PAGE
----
Skip navigation
 

Please use this identifier to cite or link to this item: http://hdl.handle.net/123456789/11129
Title: SERO-EPIDEMIOLOGY AND SPATIAL DISTRIBUTION OF PESTE DES PETITS RUMINANTS VIRUS ANTIBODIES IN SOME SELECTED PASTORAL AREAS OF SOMALI REGIONAL STATE, ETHIOPIA
???metadata.dc.contributor.*???: Dr. Reta Duguma
Dr. Bewket Siraw
Wondimagegne, Dejene
Keywords: Cluster;Epidemiology;Flock, Goat
Issue Date: 2016
Abstract: A cross sectional study design with a 2 stage cluster sampling was conducted in some selected pastoral areas of Somali regional state from November to May 2015/16. The study was aimed at determining the serological status of PPR disease in sheep and goats and identifying animal and flock level risk factors in the selected Afder, and Liben zones of Somali regional state. And finally, the national status of PPR from disease outbreak reports was assessed from retrospective data. A total of 798 serum (582 goats and 216 sheep) from 19 Kebeles (peasant associations) across 8 Districts were investigated. PA level prevalence was variable (12%-64%) and the difference was significant (X2 =53.3 P= 0.000). At District level, the prevalence of the disease was recorded in descending order as Dolo Bay 52% ( CI95% = 41-63), Dolo Ado 42% (CI95%= 36-48), Hudet 40% (CI95%=30-52), Chereti 40% (CI95%= 26-57), Gorobeqeqsa 40% (CI95%= 31-50), Guradhemole 38% (CI95%= 28-49), Filtu 36% (CI95%= 22-52) and Moyale 30% (CI95%= 20-41). There was no significance difference in the proportion of sero-positives between Districts (X2= 7.46 p= 0.382). The overall true prevalence was 43%. Furthermore, the prevalence in sheep 39% (CI95%= 32-46) was found insignificant (X2=0.49 P= 0.483) when compared with goats 42% (CI95%= 38-46). The true prevalence of PPR in Sheep and goats was 41% and 44%, respectively. In addition, small ruminants aged between 36-48 months had recorded the highest prevalence 58% (CI95%= 49-66) out of all age groups. There was quite significant difference in sero-positivity among the age groups sampled (X2= 42.55 p= 0.000). Female small ruminants had a statistically greater sero-prevalence rate 44% when compared with males 26% (X2= 16.4 P= 0.000). Likewise, the likelihood of occurrence of PPR in female sheep and goats were 2.5 times more than its occurrence in males (OR= 2.5). The overall true flock prevalence was found to be 104% considering at least one positive in a flock. In the multivariable logistic model for both sheep and goats age group, origin and altitude were found the risk factors. However, more disease predictors were identified after adjusting the cluster effect of PAs and herds using multilevel mixed-effect logistic regression models. Therefore, in the multilevel mixed-effect logistic regression age group, origin, altitude, production system and water source were the most likely disease predictors of PPR disease in small ruminants and the variables were fit in the model using likelihood-ratio test (P= 0.000). Retrospectively, a total of 1282 outbreaks were reported nationally across all regions in the 10 year period. The detection of PPR virus antibodies in all PAs and Districts suggest that the wide circulation of the virus in the study area. Hence, to curb the wide spread of the disease, strategic vaccination scheme should be followed along with training to field veterinarians and community animal health workers (CAHWS). Besides, it is recommended to conduct further studies on the characteristic of the virus circulating in the study areas plus to investigate the role of camels, cattle and wild ruminants in the epidemiology of PPR which could be a milestone in the eradication of the disease.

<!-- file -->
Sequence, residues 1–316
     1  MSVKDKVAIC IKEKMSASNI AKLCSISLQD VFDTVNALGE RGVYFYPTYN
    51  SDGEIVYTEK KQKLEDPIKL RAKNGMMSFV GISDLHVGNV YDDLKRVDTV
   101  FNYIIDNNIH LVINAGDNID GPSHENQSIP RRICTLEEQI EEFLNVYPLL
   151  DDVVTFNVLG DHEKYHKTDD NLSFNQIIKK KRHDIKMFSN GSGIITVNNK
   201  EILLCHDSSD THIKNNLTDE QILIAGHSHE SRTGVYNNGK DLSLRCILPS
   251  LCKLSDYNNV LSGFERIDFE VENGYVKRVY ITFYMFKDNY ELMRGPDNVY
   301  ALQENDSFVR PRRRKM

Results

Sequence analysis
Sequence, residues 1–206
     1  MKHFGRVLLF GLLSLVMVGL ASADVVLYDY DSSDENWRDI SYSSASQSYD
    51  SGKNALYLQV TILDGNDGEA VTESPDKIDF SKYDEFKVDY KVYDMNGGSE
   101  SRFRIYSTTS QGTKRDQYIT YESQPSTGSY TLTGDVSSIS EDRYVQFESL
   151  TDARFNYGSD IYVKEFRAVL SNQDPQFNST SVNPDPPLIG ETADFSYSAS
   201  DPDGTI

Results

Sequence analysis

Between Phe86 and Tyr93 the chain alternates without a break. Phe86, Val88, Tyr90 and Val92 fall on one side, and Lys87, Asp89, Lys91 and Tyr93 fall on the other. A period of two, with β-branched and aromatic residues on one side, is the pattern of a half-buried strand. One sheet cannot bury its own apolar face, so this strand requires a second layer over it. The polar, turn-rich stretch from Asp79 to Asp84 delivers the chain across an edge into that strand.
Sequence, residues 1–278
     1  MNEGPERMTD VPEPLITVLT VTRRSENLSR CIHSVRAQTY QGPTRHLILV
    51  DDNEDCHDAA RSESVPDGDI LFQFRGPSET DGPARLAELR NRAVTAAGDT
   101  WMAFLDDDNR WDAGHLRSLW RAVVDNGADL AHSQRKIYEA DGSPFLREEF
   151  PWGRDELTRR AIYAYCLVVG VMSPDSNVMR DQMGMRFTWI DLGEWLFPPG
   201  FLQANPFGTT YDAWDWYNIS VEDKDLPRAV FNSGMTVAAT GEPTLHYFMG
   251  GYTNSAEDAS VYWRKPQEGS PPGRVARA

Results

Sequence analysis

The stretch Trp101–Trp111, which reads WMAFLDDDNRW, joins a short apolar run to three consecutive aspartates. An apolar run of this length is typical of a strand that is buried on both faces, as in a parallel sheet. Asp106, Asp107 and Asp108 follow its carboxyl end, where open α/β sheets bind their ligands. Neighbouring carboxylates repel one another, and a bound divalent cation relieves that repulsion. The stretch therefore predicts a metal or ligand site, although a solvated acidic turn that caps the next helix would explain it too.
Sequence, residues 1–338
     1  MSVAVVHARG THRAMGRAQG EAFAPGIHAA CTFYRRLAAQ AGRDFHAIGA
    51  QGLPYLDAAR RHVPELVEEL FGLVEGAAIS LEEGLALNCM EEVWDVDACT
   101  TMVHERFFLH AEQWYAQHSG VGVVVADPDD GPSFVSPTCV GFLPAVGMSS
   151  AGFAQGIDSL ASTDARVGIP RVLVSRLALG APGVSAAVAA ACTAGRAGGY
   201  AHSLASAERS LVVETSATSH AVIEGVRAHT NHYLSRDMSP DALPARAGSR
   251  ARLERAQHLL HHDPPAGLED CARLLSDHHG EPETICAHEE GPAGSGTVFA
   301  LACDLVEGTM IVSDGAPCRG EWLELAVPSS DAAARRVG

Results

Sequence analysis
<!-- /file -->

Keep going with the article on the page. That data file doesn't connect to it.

Description: A Thesis submitted to College of Veterinary Medicine and Agriculture of Addis Ababa University in partial fulfillment of the requirements for the degree of Master of Science in Tropical Veterinary Epidemiology
URI: http://hdl.handle.net/123456789/11129
Appears in Collections:Thesis - Tropical Veternery Medicine

Files in This Item:
File Description SizeFormat 
Wondimagegne Dejene 2016.pdf2.34 MBAdobe PDFView/Open
Show full item record


Items in DSpace are protected by copyright, with all rights reserved, unless otherwise indicated.